After finalizing the agreement with the McDonald Brothers, Kroc sent a letter to Walt Disney. (They had met as ambulance driver trainees at Sound Beach, Connecticut.) Kroc wrote, "I have very recently taken over the national franchise of the McDonald's system. I would like to inquire if there may be an opportunity for a McDonald's in your Disney Development". According to one account, Disney agreed under stipulation to increase fries from ten cents to fifteen cents allowing himself the profit. Kroc refused to gouge his loyal customers leaving Disneyland to open without a McDonald's restaurant. Others believe that this is a 'happy ending' retelling of the Disney Story by some McDonald's marketing executives. Most probably, the proposal was returned without approval.[12]

Kroc maintained the

  • Ray Kroc at Find a Grave
  • TIME Magazine profile
  • Forbes Greatest Business Stories excerpt

External links

  • Boas, Max; Chain, Steve (1976). Big Mac: The Unauthorized Story of McDonald's. 
  • Byers, Paula K., and Suzanne M. Bourgion, eds. Encyclopedia of World Biography. " Detroit: Gale Research, 1998, s.v. "Kroc, Raymond *Emerson, Robert L. The New Economics of Fast Food. New York: Van Nostrand Reinhold, 1990.
  • Love, John F. (1986). McDonald's: Behind the Arches. Retrieved 2011-06-12. 
  • Mattern, Joanne (2011). Ray Kroc: McDonald's Restaurants Builder. ABDO.  
  • Reiter, Ester. Making Fast Food: From the Frying Pan into the Fryer. Buffalo: McGill-Queen's University Press, 1991.
  • Janice Claire Simpson, Ray Kroc: Big Mac Man (1978)
  • Biography: Ray Kroc, Fast Food McMillionaire (1998) video

Further reading

  1. ^ "Ray Kroc". Newsmakers (Fee, via  
  2. ^ a b Cicarelli, James (2003). "Ray Kroc". In Arnold Markoe and   Gale Biography In Context.
  3. ^ Anderson, Robert (March 2009). "Ray Kroc How He Made McDonald's Sizzle". Success. Retrieved 2011-06-13.  (excerpt from September 1977 article)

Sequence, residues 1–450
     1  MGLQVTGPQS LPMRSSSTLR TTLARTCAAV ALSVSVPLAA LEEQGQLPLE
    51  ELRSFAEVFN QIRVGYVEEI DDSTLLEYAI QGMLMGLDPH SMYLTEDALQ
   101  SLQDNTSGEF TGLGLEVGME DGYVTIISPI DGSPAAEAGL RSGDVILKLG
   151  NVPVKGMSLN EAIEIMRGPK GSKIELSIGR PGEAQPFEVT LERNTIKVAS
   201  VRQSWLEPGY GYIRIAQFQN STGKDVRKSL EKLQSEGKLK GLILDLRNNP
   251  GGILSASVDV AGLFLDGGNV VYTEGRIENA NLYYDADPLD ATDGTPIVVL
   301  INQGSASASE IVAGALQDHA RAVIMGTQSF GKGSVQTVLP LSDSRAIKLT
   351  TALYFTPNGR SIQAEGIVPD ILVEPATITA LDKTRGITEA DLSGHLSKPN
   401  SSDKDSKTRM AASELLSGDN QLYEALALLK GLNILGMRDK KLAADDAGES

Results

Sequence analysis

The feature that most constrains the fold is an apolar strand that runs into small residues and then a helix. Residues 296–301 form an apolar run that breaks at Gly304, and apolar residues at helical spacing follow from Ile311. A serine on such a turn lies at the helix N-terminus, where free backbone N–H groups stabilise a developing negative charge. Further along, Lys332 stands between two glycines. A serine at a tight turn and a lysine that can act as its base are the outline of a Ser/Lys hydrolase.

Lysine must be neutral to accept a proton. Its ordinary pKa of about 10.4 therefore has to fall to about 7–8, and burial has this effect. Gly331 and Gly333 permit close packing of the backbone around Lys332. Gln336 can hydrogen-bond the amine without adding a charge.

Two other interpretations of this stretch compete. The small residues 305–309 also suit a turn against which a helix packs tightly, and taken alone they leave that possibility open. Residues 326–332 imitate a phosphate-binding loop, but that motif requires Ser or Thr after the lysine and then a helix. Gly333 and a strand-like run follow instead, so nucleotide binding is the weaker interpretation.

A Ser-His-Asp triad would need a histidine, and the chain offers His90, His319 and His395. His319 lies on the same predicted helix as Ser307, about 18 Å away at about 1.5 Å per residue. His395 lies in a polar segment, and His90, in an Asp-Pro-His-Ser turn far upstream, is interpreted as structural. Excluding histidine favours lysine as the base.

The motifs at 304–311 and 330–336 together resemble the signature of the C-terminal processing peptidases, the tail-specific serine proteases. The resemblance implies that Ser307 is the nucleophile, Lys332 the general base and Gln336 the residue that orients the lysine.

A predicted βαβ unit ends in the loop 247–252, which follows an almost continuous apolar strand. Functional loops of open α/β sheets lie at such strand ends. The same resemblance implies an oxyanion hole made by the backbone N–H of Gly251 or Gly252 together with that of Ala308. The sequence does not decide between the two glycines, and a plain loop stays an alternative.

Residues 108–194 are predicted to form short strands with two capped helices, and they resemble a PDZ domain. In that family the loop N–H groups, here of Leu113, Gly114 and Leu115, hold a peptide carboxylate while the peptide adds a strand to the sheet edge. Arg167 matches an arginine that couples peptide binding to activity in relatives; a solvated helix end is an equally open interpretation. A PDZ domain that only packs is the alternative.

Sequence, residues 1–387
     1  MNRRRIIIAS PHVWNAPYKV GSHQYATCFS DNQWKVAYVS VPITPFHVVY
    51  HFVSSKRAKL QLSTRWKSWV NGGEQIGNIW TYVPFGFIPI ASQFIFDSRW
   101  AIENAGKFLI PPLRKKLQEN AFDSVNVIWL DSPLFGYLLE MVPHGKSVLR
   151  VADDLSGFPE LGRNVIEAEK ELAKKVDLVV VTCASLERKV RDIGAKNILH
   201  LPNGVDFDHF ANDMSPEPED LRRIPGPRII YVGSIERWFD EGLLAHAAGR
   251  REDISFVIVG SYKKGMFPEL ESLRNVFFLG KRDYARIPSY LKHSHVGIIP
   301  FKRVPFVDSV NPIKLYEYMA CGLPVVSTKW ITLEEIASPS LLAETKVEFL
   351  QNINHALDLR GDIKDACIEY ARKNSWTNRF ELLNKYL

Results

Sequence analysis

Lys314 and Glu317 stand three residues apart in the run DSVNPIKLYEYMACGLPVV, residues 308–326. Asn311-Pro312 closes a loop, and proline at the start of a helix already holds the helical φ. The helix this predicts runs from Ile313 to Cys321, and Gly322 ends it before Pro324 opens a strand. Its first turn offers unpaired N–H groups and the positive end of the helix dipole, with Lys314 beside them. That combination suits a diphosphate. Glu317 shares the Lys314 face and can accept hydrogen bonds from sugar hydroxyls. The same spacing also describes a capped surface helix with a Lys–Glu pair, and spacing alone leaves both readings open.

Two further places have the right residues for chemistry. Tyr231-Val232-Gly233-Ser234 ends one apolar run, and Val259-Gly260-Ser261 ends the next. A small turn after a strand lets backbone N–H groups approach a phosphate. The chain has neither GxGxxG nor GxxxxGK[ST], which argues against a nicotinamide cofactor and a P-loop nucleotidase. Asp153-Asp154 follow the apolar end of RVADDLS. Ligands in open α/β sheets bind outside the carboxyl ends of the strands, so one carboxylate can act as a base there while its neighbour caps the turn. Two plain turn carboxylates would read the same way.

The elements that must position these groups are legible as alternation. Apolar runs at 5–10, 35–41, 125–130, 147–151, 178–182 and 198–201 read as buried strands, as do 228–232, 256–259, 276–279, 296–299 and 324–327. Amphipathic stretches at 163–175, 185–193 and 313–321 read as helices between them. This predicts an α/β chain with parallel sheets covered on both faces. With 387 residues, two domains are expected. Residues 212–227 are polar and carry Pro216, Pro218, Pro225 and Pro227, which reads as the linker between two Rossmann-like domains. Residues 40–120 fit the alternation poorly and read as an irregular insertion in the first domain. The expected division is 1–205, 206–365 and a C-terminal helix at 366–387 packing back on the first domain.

4. ^ "The Mc Donald's Man: What Ray Kroc Hath Wrought Around the World". People. May 19, 1975
  5. ^
  6. ^
  7. ^ Gross, Daniel (1996). "Ray Kroc, McDonald's, and the Fast-Food Industry". In  
  8. ^ a b "Ray Kroc".  
  9. ^ "TIME 100 Persons Of The Century".  
  10. ^
  11. ^ "Raymond Albert Kroc". Gale Encyclopedia of U.S. Economic History (Fee, via  
  12. ^ a b  
  13. ^  
  14. ^ a b Kroc, Ray; Anderson, Robert (1992). Grinding it out: the making of McDonald's.  
  15. ^ Kroc (1977). Grinding It Out. p. 123. 
  16. ^ Chandler, Bob (2006). Bob Chandler's Tales from the San Diego Padres. Champaign, IL: Sports Pub. p. 71.  
  17. ^ a b Chandler 2006, p.73.
  18. ^ a b c Lockwood, Wayne (October 2, 1984). "Ray Kroc's dream finally materializes". The San Diego Union. p. Baseball-12. 
  19. ^ Chandler 2006, pp. 74–76.
  20. ^ Bock, Hal (August 27, 1979). "Miller Presaged Kroc Escapade". Lawrence Journal-World. Associated Press. p. 14. Retrieved February 10, 2015. 
  21. ^ "Padres Hall of Fame". Archived from the original on September 6, 2014. 
  22. ^ Pace, Eric (January 15, 1984). "Obituary: Ray A. Kroc dies at 81; Built McDonald's Chain".  


See also

Ray Kroc's acquisition of the McDonald's franchise as well as his 'Kroc-style' aggressive business tactics are the subject of Mark Knopfler's 2004 song "Boom, Like That". Michael Keaton is set to play him in a movie about his life and the foundation of McDonalds called The Founder directed by John Lee Hancock (who also directed the Walt Disney semi-bio movie, Saving Mr. Banks).

In popular culture

In 1978, the 76-year-old Kroc suffered a stroke. He was required by doctors to take medication for his condition, and since it could not be used with alcohol, he had to enter AA rehab. He died of heart failure at a hospital in San Diego, California, on January 14, 1984 at the age of 81. He left a widow, Joan. His previous marriages, to Ethel Fleming (1922–1961) and Jane Dobbins Green (1963–1968), ended in divorce.[2][8] He was buried at the El Camino Memorial Park in Sorrento Valley, San Diego.

Kroc's foundation supported research and treatment of alcoholism, diabetes, and other diseases. He established the Ronald McDonald House foundation. He was a major donor to the Dartmouth Medical School.[22]

Personal life

Kroc was inducted posthumously as part of the inaugural class of the San Diego Padres Hall of Fame in 1999.[21]

In 1974, Kroc decided to retire from being CEO of McDonald's. While he was looking for new jobs, he decided to get back into baseball, his lifelong favorite sport, when he learned that the Bowie Kuhn. Frustrated with the team, he handed over operations of the team to his son-in-law, Ballard Smith. "There's more future in hamburgers than baseball," Kroc said.[20]